Sunday, March 29, 2009

Richton report’s political ties negate its credibility

Sun Herald Letter to the editor, March 29th, 2009

Richton report’s political ties negate its credibility


Following is the text of my letter to Energy Secretary Steven Chu about the Richton Strategic Petroleum Reserve project report:


First off, thank you for your waste of taxpayers’ dollars when it should have cost you 42 cents to mail each report. Instead, you mailed the Richton Report in a costly manila envelope that cost 83 cents in postage.


In reference to your so-called scientific studies performed on the Pascagoula River and in the Gulf of Mexico to assist the ongoing preparation of the supplemental environmental impact statement for the proposed DOE Richton Strategic Petroleum Reserve, it appears you would rather accept reports from paid individuals with ties to the political machine instead of from those who have no ax to grind. The U.S. Army Corps of Engineers was used as an “authority” in your report. If it weren’t so important, I would think it was a joke and laugh. Personally, I see very little credibility in the Corps.


Scientists, biologists, geologists and other learned, educated citizens voiced their opinions against this project during the public hearings in Pascagoula in April 2008. Do you expect us to believe your so-called experts who have political ties instead of these individuals?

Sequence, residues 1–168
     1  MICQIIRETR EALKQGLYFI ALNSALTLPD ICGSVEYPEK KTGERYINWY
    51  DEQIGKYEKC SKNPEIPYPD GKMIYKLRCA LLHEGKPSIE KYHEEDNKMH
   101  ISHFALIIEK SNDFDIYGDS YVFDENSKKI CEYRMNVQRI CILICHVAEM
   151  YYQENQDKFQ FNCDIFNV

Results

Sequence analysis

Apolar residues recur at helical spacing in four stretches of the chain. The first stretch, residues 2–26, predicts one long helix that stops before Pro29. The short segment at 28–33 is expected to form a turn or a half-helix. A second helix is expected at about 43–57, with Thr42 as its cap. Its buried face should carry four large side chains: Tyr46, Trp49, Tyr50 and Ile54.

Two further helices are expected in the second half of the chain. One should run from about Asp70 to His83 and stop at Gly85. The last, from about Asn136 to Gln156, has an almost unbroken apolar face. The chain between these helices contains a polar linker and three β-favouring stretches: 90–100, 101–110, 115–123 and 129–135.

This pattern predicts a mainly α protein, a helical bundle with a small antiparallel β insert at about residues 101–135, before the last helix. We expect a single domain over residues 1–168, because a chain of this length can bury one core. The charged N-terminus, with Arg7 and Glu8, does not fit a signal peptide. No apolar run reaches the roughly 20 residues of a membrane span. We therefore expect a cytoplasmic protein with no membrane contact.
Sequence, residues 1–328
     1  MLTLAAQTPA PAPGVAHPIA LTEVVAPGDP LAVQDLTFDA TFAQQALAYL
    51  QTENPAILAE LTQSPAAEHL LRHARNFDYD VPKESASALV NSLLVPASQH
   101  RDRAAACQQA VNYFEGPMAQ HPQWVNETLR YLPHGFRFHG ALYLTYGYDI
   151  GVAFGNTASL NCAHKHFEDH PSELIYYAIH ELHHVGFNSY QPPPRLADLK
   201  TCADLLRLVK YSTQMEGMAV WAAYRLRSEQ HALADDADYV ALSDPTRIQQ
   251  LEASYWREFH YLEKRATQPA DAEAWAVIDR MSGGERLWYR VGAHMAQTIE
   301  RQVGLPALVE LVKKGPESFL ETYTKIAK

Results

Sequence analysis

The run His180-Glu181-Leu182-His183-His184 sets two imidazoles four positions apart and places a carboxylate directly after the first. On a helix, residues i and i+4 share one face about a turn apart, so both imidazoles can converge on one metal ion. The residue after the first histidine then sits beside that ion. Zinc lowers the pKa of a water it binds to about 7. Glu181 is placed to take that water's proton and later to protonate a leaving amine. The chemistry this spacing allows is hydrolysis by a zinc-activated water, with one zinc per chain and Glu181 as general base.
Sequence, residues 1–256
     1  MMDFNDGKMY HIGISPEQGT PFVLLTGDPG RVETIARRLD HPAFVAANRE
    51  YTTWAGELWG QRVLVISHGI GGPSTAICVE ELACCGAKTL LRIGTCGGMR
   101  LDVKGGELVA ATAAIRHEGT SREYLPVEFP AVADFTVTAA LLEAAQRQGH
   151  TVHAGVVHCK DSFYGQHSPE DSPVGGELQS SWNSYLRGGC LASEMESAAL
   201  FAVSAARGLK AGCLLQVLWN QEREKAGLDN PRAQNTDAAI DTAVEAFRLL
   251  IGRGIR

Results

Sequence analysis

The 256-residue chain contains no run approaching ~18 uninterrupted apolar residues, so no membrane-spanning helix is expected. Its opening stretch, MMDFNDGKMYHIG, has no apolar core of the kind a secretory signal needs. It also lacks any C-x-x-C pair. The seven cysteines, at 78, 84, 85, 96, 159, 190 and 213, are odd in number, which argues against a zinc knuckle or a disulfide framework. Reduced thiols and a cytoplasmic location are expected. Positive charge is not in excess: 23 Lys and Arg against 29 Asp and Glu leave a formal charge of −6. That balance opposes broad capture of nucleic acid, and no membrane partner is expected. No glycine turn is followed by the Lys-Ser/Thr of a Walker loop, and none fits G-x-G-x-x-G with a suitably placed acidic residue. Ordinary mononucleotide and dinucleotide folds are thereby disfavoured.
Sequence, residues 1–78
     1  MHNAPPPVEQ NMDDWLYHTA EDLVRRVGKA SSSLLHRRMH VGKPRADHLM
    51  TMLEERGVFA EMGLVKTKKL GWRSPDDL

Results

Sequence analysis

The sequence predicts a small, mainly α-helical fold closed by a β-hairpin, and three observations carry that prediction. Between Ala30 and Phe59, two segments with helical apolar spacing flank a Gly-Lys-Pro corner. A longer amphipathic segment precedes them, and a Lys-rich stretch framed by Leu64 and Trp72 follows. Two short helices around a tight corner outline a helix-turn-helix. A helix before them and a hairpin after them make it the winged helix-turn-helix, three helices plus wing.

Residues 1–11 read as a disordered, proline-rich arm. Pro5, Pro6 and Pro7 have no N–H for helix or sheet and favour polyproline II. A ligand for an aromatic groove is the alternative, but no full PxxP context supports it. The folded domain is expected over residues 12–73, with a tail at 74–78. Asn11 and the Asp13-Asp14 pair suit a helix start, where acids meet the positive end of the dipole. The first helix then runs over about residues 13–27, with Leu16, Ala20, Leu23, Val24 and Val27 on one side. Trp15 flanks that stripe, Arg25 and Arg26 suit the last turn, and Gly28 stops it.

The present proposal by the Department of Energy will consist of 200 miles of pipeline that will cross 63 creeks, streams and rivers. Pipeline spills due to the corrosive brine will have dire effects on the freshwater supply for South Mississippi’s people, land and vegetation. Droughts in Georgia and Alabama are causing shortages of fresh water. Can our politicians assure us that taking 50 million gallons of water per day for five years from the Pascagoula River will not affect our freshwater supply?


There are other alternatives for salt brine disposal. Why not send the pipelines to the Mississippi River?


The people of South Mississippi do not need another disaster. Katrina was enough.


MAXINE RAMSAY
Ocean Springs


Sunday, March 22, 2009

Our environment is still at risk from salt dome project

Sadly it looks like the idiots in Washington could care less about the environment on the MS Gulf Coast and are determined to go ahead with the salt dome project.

Ramseur and Jeff Grimes, assistant director of the Gulf Restoration Network out of New Orleans, both said the Richton Report fails to address one of the major concerns of the project; pipeline breaks or leaks along the 80 miles — which the Energy Department itself predicts will happen — spilling brine onto sensitive river wetlands.


Grimes also was concerned the agency does not report the impact to sea life on the ocean floor, where there would be elevated salinity levels, or whether the “elevated salinity plume” might cause a dead zone.


Valid concerns, additional concerns include the loss of water from the Pascagoula River. Water Jackson County may need as our water table is rising.